men, artists, executives or business men, to whom the college offers four years of broad cultural training, new points of view, and contact through literature with the best of the world's thought. Such a student is prepared by these four years for no special vocation, and perhaps not so well for any vocation as if the training had been for some special end.
The strong-minded and mature student appears the exception to this statement, but in general will be found to be pursuing a self-imposed curriculum with a definite vocation in mind. The prospective ministers, lawyers, doctors and teachers were excluded from consideration because their college course is not necessarily a broadly cultural one, but a selected vocational training. For the same reason must the mature student be excluded. A college instructor can separate his class into three groups, those who set the pace, those who follow, and those who fall. Of the first two groups some few are "grinds," some few "out for honors," and the rest with rare exceptions interested vocationally in the subject-matter. In every class prospective teachers help to set the pace; in English courses, writers; in biological courses, doctors; in chemistry, manufacturers. In other words, for the average students there is no broad cultural college course, but rather many individual vocational courses.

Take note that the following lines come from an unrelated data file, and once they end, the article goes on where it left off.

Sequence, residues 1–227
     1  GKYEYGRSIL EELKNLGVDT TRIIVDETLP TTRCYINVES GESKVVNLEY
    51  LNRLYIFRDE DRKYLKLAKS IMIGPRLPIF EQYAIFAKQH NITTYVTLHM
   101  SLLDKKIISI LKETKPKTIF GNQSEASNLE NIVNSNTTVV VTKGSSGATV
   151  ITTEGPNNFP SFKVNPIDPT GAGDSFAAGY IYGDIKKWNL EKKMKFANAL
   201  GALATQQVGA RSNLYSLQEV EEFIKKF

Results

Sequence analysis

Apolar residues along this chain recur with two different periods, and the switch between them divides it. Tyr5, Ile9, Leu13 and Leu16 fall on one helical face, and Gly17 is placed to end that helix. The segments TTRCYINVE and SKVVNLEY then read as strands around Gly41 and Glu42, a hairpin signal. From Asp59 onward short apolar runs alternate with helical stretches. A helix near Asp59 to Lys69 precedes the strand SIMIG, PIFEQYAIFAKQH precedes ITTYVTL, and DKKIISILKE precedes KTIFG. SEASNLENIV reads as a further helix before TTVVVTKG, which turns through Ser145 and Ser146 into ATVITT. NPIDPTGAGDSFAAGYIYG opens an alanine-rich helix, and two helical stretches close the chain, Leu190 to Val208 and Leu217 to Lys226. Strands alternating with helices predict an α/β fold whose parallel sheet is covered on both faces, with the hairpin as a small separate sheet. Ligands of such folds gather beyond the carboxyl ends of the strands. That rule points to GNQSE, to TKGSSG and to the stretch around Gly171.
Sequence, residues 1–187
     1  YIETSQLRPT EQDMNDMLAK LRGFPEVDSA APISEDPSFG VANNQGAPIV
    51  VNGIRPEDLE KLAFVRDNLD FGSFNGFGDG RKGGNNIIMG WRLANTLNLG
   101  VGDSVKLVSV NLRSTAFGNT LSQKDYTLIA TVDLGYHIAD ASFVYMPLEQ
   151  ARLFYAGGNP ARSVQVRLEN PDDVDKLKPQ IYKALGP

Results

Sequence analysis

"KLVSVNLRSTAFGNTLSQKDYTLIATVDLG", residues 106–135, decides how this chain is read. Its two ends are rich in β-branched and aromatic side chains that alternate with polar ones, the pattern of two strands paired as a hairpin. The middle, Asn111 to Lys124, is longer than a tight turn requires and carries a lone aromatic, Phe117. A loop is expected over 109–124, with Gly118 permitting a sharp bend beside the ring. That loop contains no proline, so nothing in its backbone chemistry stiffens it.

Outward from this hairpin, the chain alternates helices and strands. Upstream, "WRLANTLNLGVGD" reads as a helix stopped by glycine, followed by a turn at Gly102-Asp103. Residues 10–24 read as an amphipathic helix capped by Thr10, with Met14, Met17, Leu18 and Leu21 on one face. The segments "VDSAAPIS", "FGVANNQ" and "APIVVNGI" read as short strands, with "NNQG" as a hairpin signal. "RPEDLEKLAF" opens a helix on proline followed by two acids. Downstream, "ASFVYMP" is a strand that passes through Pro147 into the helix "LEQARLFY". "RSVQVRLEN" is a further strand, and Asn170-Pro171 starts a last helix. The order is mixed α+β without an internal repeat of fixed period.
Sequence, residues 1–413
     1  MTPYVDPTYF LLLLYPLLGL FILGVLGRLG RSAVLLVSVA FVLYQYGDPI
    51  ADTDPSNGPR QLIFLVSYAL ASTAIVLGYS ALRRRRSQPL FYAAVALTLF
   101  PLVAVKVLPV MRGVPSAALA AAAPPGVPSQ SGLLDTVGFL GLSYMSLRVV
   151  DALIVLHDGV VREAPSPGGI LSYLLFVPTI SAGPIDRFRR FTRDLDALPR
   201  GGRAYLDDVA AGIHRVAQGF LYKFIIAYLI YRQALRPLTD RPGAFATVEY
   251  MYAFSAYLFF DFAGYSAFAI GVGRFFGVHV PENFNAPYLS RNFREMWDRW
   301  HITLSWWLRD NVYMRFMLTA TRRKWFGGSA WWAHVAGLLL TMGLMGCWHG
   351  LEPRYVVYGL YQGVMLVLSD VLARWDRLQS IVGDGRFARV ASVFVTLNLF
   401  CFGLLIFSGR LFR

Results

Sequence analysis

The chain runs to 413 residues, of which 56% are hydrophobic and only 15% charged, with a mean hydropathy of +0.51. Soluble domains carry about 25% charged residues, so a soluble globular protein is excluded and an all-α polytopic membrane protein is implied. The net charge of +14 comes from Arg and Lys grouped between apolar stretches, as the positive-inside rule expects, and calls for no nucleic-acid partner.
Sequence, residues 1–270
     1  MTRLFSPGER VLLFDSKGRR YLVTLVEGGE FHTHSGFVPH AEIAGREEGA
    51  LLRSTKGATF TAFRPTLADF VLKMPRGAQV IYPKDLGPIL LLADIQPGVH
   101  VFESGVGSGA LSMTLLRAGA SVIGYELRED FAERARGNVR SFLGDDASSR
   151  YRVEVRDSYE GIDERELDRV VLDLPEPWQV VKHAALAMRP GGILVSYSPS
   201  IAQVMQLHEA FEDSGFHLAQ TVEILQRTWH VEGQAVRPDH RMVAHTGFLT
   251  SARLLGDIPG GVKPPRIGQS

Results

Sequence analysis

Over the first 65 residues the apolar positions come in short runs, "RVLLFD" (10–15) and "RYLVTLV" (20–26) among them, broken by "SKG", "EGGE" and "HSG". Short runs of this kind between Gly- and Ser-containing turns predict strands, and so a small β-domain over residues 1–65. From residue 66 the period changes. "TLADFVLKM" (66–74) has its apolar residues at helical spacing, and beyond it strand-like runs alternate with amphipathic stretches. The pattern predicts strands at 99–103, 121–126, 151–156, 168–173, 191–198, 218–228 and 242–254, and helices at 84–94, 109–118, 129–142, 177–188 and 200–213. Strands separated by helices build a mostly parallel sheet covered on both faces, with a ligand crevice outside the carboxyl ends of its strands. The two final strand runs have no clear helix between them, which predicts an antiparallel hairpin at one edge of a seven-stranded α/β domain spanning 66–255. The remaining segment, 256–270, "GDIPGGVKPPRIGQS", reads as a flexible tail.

The essential differences, however, between the vocational college course and the technical-school course are both of degree and of kind. The difference in degree is due largely to the existence on the one side of a fixed required curriculum and on the other of a free or group elective system. In a fixed engineering curriculum are many closely related courses, those of one school year being immediately prerequisite to those of the next year. In the better and larger technical schools a failure in a prerequisite course, besides calling for a repetition of the course, prevents the progress of a student with his class and delays graduation one year. In arts colleges, under an elective system, the severe penalty of a year's delay in graduation need only occur in case the failure takes place in the last term of the senior year. Given students working under these two systems, beneath equally eager and requiring instructors, the pace of the average in the technical school will exceed that of the average in the colleges. The result of this difference reacts upon the atmosphere of the institutions and leads to cumulative effects. Thus in recent years athletics, as well as many other school diversions, have steadily decreased in prominence in technical schools and increased in colleges. This decrease in engineering schools has resulted in more time and energy for study and admitted of a still harder pace, while in arts colleges the increase has diverted the students' energies and slowed the class room pace.
A further difference in degree resulting from the close correlation of courses mentioned above may best be shown by illustration. Mathe-